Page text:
Aimé Césaire was one of the greatest poets of the last century. His writing was so good that the person who did the illustrations published alongside his poems was Pablo Picasso. Césaire’s best-known works are Cahier d’un retour au pays natal  (1939) and Discours sur le colonialisme (1955), both of which are available in strong translations.

Césaire (born in Martinique in the French Caribbean in 1913) was interviewed by the radical Haitian poet René Depestre in Havana, Cuba, in 1967. Here is one of his remarks:

I have always recognized that what was happening to my brothers in Algeria and the United States had its repercussions in me. I understood that I could not be indifferent to what was happening in Haiti or Africa. Then, in a way, we slowly came to the idea of a sort of black civilization spread throughout the world. And I have come to the realization that there was a “Negro situation” that existed in different geographical areas, that Africa was also my country.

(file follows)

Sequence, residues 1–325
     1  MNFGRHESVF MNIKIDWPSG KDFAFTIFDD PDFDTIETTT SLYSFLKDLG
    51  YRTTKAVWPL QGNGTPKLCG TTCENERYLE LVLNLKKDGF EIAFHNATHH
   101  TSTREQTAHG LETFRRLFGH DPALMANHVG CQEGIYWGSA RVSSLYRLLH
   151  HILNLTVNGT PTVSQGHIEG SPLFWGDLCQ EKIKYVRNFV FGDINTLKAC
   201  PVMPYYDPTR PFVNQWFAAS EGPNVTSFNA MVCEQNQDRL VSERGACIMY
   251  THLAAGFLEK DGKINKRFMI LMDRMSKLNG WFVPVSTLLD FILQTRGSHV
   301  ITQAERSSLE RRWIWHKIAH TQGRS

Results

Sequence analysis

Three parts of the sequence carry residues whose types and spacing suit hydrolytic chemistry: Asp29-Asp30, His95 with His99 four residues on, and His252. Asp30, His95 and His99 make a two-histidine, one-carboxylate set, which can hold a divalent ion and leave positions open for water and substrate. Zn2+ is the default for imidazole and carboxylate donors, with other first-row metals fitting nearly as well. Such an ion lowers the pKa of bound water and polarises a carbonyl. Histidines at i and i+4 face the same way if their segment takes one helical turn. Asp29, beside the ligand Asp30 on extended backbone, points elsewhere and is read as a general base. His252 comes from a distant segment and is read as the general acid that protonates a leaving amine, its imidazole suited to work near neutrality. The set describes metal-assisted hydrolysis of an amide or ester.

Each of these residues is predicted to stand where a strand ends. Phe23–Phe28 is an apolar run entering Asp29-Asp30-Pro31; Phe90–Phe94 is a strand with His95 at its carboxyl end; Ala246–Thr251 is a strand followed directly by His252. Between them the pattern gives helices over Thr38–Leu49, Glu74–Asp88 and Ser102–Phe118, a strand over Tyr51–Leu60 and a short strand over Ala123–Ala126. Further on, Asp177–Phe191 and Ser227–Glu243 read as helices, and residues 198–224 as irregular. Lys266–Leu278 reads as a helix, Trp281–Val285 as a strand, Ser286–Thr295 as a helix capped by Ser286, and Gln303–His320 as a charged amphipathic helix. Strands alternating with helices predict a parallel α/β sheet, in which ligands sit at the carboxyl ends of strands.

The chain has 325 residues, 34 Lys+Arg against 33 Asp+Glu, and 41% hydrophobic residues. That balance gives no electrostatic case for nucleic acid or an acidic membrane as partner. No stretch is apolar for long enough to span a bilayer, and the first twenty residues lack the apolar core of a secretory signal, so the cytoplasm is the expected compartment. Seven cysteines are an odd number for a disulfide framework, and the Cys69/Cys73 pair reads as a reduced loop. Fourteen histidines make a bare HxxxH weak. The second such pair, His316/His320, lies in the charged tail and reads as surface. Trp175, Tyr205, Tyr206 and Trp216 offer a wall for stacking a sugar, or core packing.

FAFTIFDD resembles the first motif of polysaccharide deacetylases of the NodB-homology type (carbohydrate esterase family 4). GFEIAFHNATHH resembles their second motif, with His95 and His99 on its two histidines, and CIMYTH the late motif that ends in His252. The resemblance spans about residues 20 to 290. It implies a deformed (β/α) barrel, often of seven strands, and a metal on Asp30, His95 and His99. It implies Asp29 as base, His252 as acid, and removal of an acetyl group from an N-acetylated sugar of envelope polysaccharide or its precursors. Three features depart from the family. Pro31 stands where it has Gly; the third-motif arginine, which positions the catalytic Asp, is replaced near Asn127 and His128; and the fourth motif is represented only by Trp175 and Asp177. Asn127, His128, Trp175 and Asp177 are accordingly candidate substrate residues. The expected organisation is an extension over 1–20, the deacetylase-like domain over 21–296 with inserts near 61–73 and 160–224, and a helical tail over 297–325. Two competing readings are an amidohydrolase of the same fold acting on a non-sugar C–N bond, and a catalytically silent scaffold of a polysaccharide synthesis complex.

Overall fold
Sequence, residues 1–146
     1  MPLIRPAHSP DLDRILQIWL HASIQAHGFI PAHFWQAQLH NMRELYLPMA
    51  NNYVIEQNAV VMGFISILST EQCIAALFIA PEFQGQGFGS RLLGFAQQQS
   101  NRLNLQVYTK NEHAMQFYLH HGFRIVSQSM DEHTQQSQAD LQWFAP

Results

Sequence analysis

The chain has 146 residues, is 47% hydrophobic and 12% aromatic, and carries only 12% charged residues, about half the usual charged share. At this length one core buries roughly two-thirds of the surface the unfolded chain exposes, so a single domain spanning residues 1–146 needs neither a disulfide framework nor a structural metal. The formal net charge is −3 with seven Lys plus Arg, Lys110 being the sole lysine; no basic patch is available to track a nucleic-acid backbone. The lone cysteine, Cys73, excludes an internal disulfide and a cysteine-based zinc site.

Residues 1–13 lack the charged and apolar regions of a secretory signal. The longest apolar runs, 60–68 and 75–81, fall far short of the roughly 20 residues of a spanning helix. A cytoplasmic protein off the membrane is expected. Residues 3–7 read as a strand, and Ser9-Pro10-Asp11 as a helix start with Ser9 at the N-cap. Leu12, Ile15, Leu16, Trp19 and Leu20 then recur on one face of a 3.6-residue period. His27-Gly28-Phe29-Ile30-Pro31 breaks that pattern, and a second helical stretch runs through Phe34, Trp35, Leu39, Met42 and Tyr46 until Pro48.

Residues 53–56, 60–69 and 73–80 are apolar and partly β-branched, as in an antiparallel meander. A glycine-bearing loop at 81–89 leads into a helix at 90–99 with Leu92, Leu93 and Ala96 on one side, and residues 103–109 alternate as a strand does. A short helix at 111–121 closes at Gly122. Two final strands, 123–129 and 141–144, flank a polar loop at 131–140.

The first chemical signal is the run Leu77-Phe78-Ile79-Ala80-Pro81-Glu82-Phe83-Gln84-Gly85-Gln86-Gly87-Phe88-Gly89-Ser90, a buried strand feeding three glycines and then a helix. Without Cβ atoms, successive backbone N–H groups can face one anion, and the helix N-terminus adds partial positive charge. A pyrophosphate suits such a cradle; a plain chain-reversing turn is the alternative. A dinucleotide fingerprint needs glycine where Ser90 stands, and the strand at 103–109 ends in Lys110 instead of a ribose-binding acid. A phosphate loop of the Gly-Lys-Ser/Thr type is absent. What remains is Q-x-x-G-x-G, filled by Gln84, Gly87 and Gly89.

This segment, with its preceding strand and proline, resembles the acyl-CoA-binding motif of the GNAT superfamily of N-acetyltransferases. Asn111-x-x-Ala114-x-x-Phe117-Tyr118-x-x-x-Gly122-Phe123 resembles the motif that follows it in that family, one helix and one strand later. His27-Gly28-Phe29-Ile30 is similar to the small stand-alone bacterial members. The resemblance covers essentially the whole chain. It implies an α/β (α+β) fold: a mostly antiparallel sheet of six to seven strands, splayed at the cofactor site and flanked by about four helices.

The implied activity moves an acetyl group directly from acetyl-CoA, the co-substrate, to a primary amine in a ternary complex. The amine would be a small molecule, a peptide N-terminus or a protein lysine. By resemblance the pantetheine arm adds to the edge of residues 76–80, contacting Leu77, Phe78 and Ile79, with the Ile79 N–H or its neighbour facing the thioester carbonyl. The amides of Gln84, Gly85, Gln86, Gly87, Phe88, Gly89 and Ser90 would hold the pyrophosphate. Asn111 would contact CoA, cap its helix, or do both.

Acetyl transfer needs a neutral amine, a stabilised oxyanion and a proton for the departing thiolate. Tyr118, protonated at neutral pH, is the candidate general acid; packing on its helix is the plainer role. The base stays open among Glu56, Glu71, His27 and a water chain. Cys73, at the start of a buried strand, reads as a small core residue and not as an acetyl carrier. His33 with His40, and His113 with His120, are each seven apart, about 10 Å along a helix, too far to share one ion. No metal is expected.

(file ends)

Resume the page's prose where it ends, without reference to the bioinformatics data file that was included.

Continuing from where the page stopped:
Further Reading

Are you safe? Please stay safe

The statistics and scenes of violence against black immigrants in South Africa are horrible. A young Cameroonian student in South Africa writes about what it is like to live under such insecurity.

Eyes on the Prize

Does the peace deal between Ethiopia and Eritrea—now rewarded with a Nobel Prize—bring the kind of cooperation between the two countries that it aspired to do a year ago?